On Tuesday Senate majority leader Harry Reid said talks had made “little progress”, sending stock markets lower.
“They talked some happy talk about doing revenues, but we only have a couple weeks to get something done,” Mr Reid, a Democrat, said of negotiations between his party and the Republicans.
Although he qualified his remarks by saying he was “extremely hopeful” and did not believe that the Republicans were going to “allow us to go over the cliff”, his comments prompted stock markets worldwide to fall about 0.5% on average.
Democrats control the Senate and the Presidency, while Republicans control the House of Representatives – the second chamber of Congress – and enjoy a blocking “filibuster” minority in the Senate. Both parts of Congress and the President have to come together to broker a deal.
‘D-Day is here’
Warren Buffett has advocated raising taxes on the most wealthy Americans such as himself – in particular via an increase in capital gains tax, from which high earners benefit disproportionately, due to their large investments.
What is the fiscal cliff?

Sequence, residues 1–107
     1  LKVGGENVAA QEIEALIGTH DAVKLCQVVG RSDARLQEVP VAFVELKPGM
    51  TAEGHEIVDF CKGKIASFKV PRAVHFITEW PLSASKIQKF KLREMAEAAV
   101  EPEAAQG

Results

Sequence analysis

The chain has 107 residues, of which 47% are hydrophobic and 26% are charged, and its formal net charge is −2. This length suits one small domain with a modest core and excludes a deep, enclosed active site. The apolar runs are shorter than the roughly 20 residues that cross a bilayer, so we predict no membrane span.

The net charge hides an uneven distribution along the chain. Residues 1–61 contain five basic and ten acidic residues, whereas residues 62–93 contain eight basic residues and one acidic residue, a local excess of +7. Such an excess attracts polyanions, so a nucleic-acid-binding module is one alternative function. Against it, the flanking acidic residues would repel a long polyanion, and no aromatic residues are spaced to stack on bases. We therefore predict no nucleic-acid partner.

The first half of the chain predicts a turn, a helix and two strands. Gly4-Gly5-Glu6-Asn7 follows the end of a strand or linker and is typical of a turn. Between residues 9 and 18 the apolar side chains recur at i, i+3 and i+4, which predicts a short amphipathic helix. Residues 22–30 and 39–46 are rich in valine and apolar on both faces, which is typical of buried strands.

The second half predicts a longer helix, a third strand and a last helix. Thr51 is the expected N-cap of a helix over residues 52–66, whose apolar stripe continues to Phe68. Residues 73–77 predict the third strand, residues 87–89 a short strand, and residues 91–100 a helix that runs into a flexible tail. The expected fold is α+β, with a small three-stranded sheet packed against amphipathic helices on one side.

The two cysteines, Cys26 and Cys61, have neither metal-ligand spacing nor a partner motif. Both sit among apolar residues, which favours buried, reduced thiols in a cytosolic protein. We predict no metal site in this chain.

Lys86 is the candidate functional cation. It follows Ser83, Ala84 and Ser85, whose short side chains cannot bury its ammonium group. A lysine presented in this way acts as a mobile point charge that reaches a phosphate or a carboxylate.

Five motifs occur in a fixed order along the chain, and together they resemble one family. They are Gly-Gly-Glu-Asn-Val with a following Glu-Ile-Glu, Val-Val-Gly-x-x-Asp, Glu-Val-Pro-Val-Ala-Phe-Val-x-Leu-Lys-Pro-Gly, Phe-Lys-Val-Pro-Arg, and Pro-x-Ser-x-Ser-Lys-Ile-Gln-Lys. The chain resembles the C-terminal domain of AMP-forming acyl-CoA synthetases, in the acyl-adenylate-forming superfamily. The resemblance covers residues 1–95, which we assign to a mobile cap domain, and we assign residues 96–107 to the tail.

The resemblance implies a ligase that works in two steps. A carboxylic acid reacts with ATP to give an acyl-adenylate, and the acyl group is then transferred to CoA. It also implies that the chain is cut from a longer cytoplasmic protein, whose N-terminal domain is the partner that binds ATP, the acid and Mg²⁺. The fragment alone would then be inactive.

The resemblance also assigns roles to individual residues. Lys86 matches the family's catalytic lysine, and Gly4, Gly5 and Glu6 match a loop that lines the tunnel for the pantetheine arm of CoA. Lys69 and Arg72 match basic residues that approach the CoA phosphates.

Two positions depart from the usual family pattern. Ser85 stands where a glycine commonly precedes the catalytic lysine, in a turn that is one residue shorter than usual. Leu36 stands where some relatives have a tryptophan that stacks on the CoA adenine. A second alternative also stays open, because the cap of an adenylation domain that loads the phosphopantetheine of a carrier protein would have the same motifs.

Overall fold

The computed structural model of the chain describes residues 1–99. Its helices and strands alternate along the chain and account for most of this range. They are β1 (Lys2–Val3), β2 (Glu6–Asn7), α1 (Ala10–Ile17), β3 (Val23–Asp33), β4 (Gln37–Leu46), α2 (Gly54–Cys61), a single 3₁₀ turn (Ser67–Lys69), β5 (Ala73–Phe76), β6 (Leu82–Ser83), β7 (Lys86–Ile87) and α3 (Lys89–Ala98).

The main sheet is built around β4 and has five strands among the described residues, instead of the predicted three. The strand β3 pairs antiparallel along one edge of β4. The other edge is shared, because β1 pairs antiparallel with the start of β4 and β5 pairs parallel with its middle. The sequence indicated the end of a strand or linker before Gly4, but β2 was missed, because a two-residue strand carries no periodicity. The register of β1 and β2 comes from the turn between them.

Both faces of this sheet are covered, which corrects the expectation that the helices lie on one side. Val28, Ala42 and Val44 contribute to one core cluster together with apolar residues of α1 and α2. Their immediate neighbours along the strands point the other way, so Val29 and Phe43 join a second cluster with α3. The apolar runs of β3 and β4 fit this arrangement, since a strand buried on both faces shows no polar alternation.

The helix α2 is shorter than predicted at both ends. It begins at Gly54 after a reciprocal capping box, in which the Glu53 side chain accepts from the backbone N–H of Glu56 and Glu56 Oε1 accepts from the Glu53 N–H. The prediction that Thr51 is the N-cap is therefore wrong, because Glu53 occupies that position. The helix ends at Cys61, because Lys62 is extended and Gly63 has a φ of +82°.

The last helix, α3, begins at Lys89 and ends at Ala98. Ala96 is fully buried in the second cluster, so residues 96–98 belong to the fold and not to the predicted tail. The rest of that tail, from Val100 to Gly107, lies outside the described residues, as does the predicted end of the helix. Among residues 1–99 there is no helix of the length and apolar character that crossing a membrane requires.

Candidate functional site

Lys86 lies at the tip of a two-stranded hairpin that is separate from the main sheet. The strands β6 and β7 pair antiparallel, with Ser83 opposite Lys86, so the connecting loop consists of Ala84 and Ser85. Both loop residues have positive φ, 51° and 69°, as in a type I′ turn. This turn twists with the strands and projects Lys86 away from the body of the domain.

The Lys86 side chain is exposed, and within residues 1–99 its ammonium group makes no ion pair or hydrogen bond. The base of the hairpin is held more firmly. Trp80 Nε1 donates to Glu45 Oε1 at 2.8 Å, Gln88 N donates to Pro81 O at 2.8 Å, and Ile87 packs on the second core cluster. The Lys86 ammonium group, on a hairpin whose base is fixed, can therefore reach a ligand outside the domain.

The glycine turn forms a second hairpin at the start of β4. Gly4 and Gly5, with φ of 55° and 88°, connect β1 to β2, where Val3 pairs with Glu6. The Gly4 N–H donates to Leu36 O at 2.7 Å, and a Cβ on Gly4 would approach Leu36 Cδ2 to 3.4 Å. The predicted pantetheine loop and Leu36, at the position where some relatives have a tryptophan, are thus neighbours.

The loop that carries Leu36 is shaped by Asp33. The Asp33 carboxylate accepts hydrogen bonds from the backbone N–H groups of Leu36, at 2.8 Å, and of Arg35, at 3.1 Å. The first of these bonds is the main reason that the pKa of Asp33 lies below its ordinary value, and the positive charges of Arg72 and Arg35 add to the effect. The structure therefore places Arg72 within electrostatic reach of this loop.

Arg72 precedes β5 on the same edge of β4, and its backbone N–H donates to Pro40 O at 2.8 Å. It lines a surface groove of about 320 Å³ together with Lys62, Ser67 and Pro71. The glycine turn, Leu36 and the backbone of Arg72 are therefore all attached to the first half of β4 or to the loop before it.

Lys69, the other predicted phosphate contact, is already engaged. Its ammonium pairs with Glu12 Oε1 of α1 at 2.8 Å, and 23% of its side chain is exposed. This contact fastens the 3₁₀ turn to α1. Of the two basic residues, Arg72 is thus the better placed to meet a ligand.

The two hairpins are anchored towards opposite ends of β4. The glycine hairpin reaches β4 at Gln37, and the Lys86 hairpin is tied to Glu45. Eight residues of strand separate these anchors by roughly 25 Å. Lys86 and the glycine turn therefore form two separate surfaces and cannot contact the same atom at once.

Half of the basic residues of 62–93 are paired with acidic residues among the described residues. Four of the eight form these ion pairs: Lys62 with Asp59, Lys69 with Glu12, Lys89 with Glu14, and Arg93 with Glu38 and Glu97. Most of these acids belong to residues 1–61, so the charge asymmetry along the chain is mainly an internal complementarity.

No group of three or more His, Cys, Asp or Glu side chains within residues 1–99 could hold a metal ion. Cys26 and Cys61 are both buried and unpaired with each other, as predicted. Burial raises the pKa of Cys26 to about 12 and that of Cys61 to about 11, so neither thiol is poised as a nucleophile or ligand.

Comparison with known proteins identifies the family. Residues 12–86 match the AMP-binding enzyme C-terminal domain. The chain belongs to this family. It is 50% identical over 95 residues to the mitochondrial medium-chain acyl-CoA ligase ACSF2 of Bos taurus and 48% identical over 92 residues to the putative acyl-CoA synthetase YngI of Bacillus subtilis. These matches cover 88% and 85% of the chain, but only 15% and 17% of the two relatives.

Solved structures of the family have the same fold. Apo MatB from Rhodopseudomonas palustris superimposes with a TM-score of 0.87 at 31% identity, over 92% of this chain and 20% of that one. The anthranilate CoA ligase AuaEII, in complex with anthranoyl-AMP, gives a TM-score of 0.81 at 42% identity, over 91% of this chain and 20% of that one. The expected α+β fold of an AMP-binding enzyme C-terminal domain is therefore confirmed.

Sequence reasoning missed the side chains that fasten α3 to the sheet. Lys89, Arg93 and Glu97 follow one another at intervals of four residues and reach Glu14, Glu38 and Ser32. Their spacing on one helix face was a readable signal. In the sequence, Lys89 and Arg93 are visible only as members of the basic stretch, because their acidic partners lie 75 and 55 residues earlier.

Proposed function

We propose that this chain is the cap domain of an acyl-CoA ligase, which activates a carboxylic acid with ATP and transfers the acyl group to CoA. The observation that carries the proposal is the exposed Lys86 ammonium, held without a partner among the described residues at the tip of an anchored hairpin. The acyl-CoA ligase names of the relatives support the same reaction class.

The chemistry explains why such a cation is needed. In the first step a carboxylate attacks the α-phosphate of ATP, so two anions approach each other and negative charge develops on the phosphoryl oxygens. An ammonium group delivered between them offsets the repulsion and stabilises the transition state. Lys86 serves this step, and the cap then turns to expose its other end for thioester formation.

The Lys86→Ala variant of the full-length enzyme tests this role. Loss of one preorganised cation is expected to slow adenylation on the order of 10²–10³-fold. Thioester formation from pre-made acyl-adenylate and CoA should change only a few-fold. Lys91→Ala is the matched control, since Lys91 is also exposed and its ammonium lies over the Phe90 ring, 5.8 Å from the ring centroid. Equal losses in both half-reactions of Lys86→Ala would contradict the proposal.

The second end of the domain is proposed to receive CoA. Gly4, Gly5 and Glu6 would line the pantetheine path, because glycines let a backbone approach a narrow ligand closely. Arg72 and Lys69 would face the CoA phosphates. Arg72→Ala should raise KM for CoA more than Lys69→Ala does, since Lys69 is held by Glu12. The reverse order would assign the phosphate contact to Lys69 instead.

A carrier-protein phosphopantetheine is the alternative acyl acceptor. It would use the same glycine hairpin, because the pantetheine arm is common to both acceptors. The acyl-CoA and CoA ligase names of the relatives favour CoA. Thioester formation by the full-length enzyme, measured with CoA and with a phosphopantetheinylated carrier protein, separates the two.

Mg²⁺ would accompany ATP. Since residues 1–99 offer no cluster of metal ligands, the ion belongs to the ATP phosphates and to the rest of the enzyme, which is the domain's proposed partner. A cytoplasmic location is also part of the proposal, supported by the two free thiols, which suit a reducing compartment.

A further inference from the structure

- Under a deal reached last year between President Obama and the Republican-controlled Congress, existing stimulus measures – mostly tax cuts – will expire on 1 January 2013
- Cuts to defence, education and other government spending will then automatically come into force – the “fiscal cliff” – unless Congress acts
- The economy does not have the momentum to absorb the shock from going over the fiscal cliff without going into recession
“We’ve kicked it down the road for a long time, but D-Day is here,” he said. “That doesn’t mean that we’ll get the fiscal cliff solved by December 31 – I hope we do – but it may go over into January.
“But we are going to have to address important policy questions and I think Congress knows it, and the president knows it, and certainly the American public knows it.”
Both US parties have accused the other of intransigence in negotiations.
Most Republican members of Congress have promised not to raise taxes, making it hard for them to agree to allow expensive income tax cuts dating from George W Bush’s presidency to expire at the end of the year.
However Democrats, including President Barack Obama, have insisted that the tax cuts for those earning more than $200,000 (£125,000) must not be renewed.
Meanwhile Republicans accuse Democrats of refusing to rein in “entitlement programs” – commitments to provide medical care and retirement benefits, which are set to rise substantially as the post-war baby boom generation retires this decade.